Engaging Users: Factiva UX Overhaul
Factiva is an incredibly powerful product, and users rely on it to find, analyse and share information from 20,000 publications. However, its outdated interface keeps even its most dedicated fans from seeing all of its great features, and overwhelms novice users.
The screenshots below are part of a 3 month exploration focused on improving the user experience, while maintaining the core structure of the product. They explain how we got from A to B, and highlight the value of:
- User Interviews
- Feature Usage Analysis
- Navigation and Content Analysis
- Participatory Design
- Prototyping and Testing
- A Great Team
Continued growth, without attention to what features are most valuable to the overall user experience, has created pages that are uninviting and needlessly complicated. Features and benefits are not obvious to users, who are dependent on customer service and account executives to use the product.
- Develop a holistic, overall view of the product to drive systematic design changes
- Provide a consistent user experience and establish UX guidelines for all future Factiva products
- Generate time savings and staff productivity by reducing unnecessary UX discrete decision-making in every project sprint
- UX Goals: Compact, Consistent, Clear
- Product Goals: The interface and features offered need to keep researchers happy, but they also need to make is easy for all users to see the benefits Factiva offers
User interviews were conducted with Expert Users (DJ editors who use Factiva on a regular basis as part of the Risk & Compliance and Adverse Media teams) and Novice Users (customers who had signed up in the past 6 months).
A key goal is understanding the users needs, and what benefits we can offer them. An obvious place to start is with an ethnographic study, but when this research is too time consuming or not appropriate, a good alternative is a proto persona workshop. This workshop brings together key stakeholders and takes advantage of their domain expertise to describe different users. Through participation, the team gains a shared understanding of the users they value and the project goals.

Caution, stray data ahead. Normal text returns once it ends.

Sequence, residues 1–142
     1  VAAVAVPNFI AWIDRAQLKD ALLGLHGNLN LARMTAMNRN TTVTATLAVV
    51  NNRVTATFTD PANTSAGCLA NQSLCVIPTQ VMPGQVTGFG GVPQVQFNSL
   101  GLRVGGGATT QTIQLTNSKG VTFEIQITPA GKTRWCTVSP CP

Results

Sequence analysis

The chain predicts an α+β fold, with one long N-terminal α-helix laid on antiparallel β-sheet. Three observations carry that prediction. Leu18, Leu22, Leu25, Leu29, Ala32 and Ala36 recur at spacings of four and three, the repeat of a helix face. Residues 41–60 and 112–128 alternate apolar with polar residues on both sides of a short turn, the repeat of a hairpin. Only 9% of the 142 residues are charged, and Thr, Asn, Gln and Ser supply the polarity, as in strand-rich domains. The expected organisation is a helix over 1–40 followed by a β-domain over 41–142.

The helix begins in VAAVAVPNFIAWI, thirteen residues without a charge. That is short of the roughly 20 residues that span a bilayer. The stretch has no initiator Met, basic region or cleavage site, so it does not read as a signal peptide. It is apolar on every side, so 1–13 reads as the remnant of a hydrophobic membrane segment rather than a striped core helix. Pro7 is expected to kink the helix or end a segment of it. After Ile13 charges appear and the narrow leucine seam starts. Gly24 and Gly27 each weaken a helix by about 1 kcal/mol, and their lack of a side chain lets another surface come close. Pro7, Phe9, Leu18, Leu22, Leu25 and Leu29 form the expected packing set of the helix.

To understand what features current, expert Factiva users value the most we conducted an online survey.
Note: Due to the privacy concerns of its clients, detailed metrics were unavailable. Normally, an analysis of site usage would be done as well.
Navigation and content are two of the most complex parts of Factiva. The first image outlines a problem with the user flow through the search process, and the second image proposes a simpler structure for the site.
A Participatory Design session allows the people most invested or affected by a problem to propose solutions. Typically, participants are broken into small teams, each producing a sketch of their ideas, which they then collectively present to the larger group. The goal here is not to define the final UX, but instead to brainstorm, further refine requirements, and discuss priorities.
Testing of quick prototypes allows for experimentation and rapid, iterative development of ideas and solutions.
The result is a holistic view of the product that can work for both expert and novice users. Features are organized to reflect user tasks, and improved organization makes functionality more apparent and accessible. An updated visual look is more engaging, and a consistent design vocabulary makes the site easier to use.
The new landing page allows users to quickly add and remove topics, and to view them collectively or individually.
A revised search page highlights key functionality.
Better article pathing makes it easier for users to read a set of content